Exodus will be a big movie. Not a small movie. A big movie. The studio really wants you to know that.

exodus-facebook-140909In case you haven’t heard, Exodus: Gods and Kings is going to be big. Huge. Epic. Immense. The most embiggened thing that was ever supersized.

20th Century Fox made that point in a featurette that came out last week. In less than two minutes, the filmmakers used words like “epic”, “massive” (twice!), “giant”, “immense”, “big”, “bigger”, “exponentially” and “biggest” to describe their movie — and now the movie’s Facebook page is posting photos with those size-emphasizing quotes.

Today’s photo is yet another brand new shot from the opening battle sequence. (If there’s one thing the studio has emphasized more than the bigness of this film, it’s the fact that the movie has an opening battle sequence.)

There’s Moses, and he’s got his bow out, and the group of soldiers beating up on each other seems appropriately multiethnic — and at the top of it all is a quote from the production designer, who declares, “It’s an IMMENSE production.”

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Here we go again: Ridley Scott’s Exodus and “accuracy”

Longtime readers of this blog will know that I’m no fan of the expression “biblically accurate”. It’s not that I don’t like analyzing biblical and historical epics to see where they deviate from their source material; I do that sort of thing all the time. Rather, the problem is the way that phrase has been turned into a weapon, signifying little more than whether or not a movie has earned the approval of the person who uses that phrase.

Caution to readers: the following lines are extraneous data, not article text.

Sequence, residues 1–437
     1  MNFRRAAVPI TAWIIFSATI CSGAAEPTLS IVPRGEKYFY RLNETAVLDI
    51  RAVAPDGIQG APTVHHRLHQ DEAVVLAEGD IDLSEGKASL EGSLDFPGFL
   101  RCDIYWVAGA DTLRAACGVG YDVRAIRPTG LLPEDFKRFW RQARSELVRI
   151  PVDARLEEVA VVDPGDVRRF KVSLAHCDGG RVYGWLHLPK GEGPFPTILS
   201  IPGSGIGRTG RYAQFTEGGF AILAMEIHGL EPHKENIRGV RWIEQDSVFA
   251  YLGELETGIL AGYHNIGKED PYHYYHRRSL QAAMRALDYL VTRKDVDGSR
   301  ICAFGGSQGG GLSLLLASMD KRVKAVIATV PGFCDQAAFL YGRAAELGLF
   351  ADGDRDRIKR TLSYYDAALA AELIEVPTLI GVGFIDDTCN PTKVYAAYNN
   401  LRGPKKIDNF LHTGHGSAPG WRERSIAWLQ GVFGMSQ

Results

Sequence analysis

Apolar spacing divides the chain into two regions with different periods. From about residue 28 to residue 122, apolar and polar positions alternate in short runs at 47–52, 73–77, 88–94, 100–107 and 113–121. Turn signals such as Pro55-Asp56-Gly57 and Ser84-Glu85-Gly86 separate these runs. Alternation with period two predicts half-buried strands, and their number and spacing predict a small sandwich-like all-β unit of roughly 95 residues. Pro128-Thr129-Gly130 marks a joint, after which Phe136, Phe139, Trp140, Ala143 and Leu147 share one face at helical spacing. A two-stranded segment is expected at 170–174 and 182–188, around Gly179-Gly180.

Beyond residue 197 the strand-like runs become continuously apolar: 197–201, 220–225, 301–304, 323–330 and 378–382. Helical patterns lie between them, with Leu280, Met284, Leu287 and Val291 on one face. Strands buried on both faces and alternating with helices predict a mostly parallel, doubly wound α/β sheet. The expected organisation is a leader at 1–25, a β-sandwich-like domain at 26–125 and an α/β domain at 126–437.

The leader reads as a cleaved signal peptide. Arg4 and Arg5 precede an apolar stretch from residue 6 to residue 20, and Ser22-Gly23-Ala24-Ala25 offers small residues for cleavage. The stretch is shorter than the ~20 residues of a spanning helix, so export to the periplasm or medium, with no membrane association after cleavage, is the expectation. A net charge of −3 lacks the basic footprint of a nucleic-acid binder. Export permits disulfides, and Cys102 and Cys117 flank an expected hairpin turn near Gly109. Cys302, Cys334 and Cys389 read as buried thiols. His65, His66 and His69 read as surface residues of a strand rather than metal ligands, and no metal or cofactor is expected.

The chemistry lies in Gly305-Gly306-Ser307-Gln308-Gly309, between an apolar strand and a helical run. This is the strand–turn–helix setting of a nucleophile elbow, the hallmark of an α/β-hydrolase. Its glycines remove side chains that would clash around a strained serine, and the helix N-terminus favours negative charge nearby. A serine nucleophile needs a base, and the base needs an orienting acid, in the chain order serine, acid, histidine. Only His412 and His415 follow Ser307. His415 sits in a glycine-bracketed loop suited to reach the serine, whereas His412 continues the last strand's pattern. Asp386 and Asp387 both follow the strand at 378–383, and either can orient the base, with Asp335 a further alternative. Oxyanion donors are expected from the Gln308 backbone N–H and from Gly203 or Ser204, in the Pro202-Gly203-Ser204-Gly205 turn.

Just in the past year and a half, we have seen people call The Bible and its big-screen spin-off Son of Godbiblically accurate” even though that miniseries was full of embellishments and got many details wrong, and we have also seen people condemn Noah for its alleged lack of accuracy even though it tackled lots of obscure biblical details that many people never think about. One film was “accurate” because it gave the audience what it wanted, and the other wasn’t because it didn’t.

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Ridley Scott’s Moses movie not quite done filming yet

Ridley Scott started shooting his Moses movie Exodus: Gods and Kings nine months ago, and there was so much buzz about the film earlier this year — from the first official pictures released around New Year’s Day to the coverage it got in the foreign press in March — that I’d kind of assumed that he had finished shooting it by now, and that all he had to worry about, between now and the film’s release in December, was the editing, the visual effects (the 3D parting of the Red Sea, etc.), the music and so on.

But apparently the cameras are still rolling. An article posted yesterday at Albawabh News, an Egyptian website, claims that Scott will finish shooting some scenes in and around the temples of Aswan “next Sunday” — at least as translated by Google.

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Paramount and MGM team up for the Ben-Hur remake